CEDAR SPRINGS, Mich. (WOOD) — It’s no question that home security cameras can capture some interesting sights, but for a Cedar Springs woman who installed cameras just a couple of months ago, she could never imagine what they would capture early Sunday morning.
It was just before 2:15 a.m. when Angela Schreuder woke up to the sound of her dogs barking.
“When I jumped up, I could see the silhouette of someone sitting. All my lights were off, and my dogs were like one was right here, and one was right here, and he had his hands up over his head and I flipped on the light and that’s when I realized that he was fully nude,” Schreuder said.
The man was standing in her house in front of the entryway corned by the two dogs. Schreuder immediately yelled to her father who lives downstairs to call the police.
“My fear turned to anger, and I was screaming at him like, what are you doing in my house? I wanted a response, and he was just sitting there naked. He didn’t give me a response. I threw shorts at him to put on as I was waiting for the police to come get him out of my house.”
Schreuder has three kids, but they happened to be at their grandma’s house that night. She said she’s thankful they weren’t home.
“If I’m tore up about this situation, I could only imagine the fear in my children that it would have instilled in them, in their own home with their mom and dad seeing me be helpless like here by myself with my disabled father. Not being able to do anything.”
The incident made her feel like her safe space was taken away.
“I can’t sleep at night. I’ve literally the last three days, I go to bed with my police scanner next to my ear, watching my cameras.”
“When someone comes into your safe space and they’re uninvited and you don’t know their intentions, we certainly understand how scary it could be,” said Sgt. Joy Matthew’s with the Kent County Sheriff’s Office.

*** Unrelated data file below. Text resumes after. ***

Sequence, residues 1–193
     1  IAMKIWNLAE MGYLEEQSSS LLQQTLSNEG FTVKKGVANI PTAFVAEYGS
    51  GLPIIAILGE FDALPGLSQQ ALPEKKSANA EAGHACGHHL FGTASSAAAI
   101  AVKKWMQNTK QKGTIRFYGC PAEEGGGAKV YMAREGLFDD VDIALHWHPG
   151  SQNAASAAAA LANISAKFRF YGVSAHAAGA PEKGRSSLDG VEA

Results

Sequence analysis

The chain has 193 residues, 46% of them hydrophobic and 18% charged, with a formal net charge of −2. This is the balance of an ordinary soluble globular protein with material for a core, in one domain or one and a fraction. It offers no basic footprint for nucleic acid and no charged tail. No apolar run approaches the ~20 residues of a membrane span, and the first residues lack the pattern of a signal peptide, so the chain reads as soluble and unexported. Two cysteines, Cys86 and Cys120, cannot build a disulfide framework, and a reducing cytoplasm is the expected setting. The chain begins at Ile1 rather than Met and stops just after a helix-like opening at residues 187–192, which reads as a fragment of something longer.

While Matthews couldn’t comment on the specifics of this incident, she encouraged people to make sure they lock all their doors and windows, invest in surveillance systems if possible and know that if someone does enter your home, you have the right to protect yourself.
“They might be there to harm you or they might be there to take something from you or they might be under the influence of drugs or alcohol or suffering from dementia or autism. We always encourage our residents to just take an extra few seconds, if able and try to evaluate the situation,” Matthews advised.
Schreuder said she is not a violent person, and she is thankful the situation didn’t turn out any worse. She also explained that normally she keeps her doors locked, but after working on her camper late into the night, she fell asleep quickly without doing so. Now, she’s hyper-aware of it. She’s also looking to press charges, saying there should be consequences for the choices people make.
“For your actions there’s reactions and there’s consequences for that and I just I’m paying for it. Mentally, I’m losing a lot more than what he is.”
Police couldn’t comment on what made the man go into her home or why he didn’t have any clothes on.